'Chitina is a census-designated place in Valdez-Cordova Census Area, United States. At the 2010 census the population was 126, up from 123 in 2000. Chitina is located on the west bank of the Copper River at its confluence with the Chitina River on the Edgerton Highway, junction with the McCarthy Road, it is 106 km southeast of Glennallen. It is outside the western boundary of the Wrangell - Preserve. In 1945, work had begun to convert the CR&NW railroad line, from Cordova to Kennicott, into a highway, but work halted with the 1964 Good Friday earthquake, leaving a significant gap between Chitina and the Million Dollar Bridge near Cordova; the rail route from Chitina to Kennicott is the McCarthy Road. According to the United States Census Bureau, the CDP has a total area of 95.8 square miles, of which, 84.6 square miles of it is land and 11.1 square miles of it is water. Chitina has a continental subarctic climate. Chitina first appeared on the 1920 U. S. Census as an unincorporated village, it was made a census-designated place in 1980.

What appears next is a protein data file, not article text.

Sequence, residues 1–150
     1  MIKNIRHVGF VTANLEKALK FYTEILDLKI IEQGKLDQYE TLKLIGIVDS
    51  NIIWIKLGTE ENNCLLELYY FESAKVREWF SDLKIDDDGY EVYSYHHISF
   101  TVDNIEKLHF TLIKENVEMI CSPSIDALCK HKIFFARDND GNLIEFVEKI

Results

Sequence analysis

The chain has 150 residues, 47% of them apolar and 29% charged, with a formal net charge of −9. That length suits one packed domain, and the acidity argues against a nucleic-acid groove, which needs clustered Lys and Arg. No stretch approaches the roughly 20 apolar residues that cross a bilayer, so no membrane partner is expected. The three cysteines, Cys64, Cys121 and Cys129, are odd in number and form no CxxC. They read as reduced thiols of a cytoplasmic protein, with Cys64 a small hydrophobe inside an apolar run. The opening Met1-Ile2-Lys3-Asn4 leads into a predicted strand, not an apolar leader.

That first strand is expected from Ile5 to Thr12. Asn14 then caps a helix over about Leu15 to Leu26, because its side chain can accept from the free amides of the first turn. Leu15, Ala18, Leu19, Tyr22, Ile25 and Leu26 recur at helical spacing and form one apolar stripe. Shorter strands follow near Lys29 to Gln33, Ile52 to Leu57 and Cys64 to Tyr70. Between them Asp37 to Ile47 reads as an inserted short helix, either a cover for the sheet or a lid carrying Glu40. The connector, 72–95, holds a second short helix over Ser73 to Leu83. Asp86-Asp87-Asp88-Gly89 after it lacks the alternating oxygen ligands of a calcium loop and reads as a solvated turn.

As of the census of 2000, there were 123 people, 52 households, 30 families residing in the CDP. The population density was 1.5 people per square mile. There were 54 housing units at an average density of 0.6/sq mi. The racial makeup of the CDP was 51.22% White, 33.33% Alaskan Native, 15.45% from two or more races. There were 52 households out of which 23.1% had children under the age of 18 living with them, 42.3% were married couples living together, 13.5% had a female householder with no husband present, 42.3% were non-families. 36.5% of all households were made up of individuals and 9.6% had someone living alone, 65 years of age or older. The average household size was 2.37 and the average family size was 3.07. In the CDP, the population was spread out with 29.3% under the age of 18, 7.3% from 18 to 24, 23.6% from 25 to 44, 30.9% from 45 to 64, 8.9% who were 65 years of age or older. The median age was 39 years. For every 100 females, there were 86.4 males. For every 100 females age 18 and over, there were 102.3 males.